Student Michael Bucklew took advantage of the Early College Program at Timken High School and recently graduated from Stark State with a degree in Electromechanical Engineering – while still in high school. “The Early College Program is designed so that…the inner city kid can go to college,” Michael explains. And with this educational boost, he adds, students can be well on their way to rewarding careers at an early age.

“[Our] collaborations with middle schools, high schools and colleges are extremely important,” explains Dennis Trenger. “[We provide building blocks] so that students can progress….they don’t have to start all over again [when they’ve finished high school.]

Similarly, as we learn in our second segment, community colleges can help individuals who are looking to make a career change. Steve Hardister is studying Simulation and Game Development at Wake Technical College with the aim of making a job transition from the printing industry to a career in 3D graphics.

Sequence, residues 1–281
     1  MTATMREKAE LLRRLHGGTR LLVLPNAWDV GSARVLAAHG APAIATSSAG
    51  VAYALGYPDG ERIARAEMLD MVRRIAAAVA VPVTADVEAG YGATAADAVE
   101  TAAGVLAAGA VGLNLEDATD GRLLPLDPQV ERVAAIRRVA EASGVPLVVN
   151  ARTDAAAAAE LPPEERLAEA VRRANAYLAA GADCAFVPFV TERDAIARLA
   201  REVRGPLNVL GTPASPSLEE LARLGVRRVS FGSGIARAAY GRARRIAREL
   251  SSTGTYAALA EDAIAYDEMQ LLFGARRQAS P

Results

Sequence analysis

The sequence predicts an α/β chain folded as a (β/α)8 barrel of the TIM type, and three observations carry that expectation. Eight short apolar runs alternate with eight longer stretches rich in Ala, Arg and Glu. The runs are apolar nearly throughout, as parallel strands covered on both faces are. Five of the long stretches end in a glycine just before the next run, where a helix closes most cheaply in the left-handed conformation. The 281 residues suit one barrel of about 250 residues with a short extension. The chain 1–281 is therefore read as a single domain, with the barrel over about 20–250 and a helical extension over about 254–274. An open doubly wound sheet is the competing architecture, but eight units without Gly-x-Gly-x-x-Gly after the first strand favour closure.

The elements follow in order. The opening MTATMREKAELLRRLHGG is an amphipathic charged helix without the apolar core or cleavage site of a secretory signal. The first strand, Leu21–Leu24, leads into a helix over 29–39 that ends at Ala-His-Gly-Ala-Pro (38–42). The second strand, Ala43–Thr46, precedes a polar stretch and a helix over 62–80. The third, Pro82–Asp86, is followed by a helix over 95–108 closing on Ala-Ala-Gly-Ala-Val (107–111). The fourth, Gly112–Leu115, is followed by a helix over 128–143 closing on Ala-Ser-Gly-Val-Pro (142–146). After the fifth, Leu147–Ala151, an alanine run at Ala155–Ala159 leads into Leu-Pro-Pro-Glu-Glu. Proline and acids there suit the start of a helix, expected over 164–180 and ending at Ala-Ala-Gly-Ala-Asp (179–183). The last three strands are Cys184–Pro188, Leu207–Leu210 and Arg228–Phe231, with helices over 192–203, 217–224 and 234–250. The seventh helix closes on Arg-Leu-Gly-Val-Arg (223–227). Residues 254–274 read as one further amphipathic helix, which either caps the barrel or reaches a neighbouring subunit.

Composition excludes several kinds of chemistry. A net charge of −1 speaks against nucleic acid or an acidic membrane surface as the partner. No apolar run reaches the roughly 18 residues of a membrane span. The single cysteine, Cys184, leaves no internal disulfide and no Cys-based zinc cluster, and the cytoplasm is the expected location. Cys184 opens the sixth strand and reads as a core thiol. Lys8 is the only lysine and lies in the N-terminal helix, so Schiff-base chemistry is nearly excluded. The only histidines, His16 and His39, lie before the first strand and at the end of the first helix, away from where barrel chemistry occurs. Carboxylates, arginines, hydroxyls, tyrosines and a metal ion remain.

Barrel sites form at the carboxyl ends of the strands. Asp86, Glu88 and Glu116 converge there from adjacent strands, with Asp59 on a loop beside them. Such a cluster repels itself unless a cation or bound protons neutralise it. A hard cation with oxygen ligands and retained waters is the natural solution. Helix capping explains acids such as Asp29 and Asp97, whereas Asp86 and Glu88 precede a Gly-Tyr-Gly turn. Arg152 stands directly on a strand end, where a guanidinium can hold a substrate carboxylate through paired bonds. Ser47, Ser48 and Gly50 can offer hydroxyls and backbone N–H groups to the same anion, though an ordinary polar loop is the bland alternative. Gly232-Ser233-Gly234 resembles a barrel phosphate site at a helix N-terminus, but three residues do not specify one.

“I’d reached a salary cap [working in the printing industry] so I decided to make a transition,” explains Steve. “The advantage of taking courses here at Wake Tech is that you are immersed in the actual modeling and hands-on gaming experience….you do learn some theory, but you also get involved in [hands-on] modeling and animation very quickly.”

While Steve hopes to transition into a career that will enable him to develop simulations for educational purposes or do 3D modeling and animation for the entertainment industry, the skills provided with a degree in Simulation and Game Development can also be applied to such diverse industries as the automotive industry or even NASA.

Finally, in the third segment, we visit Kirkwood Community College, where the Precision Agriculture program is getting a lot of support from industry in today’s rapidly growing marketplace.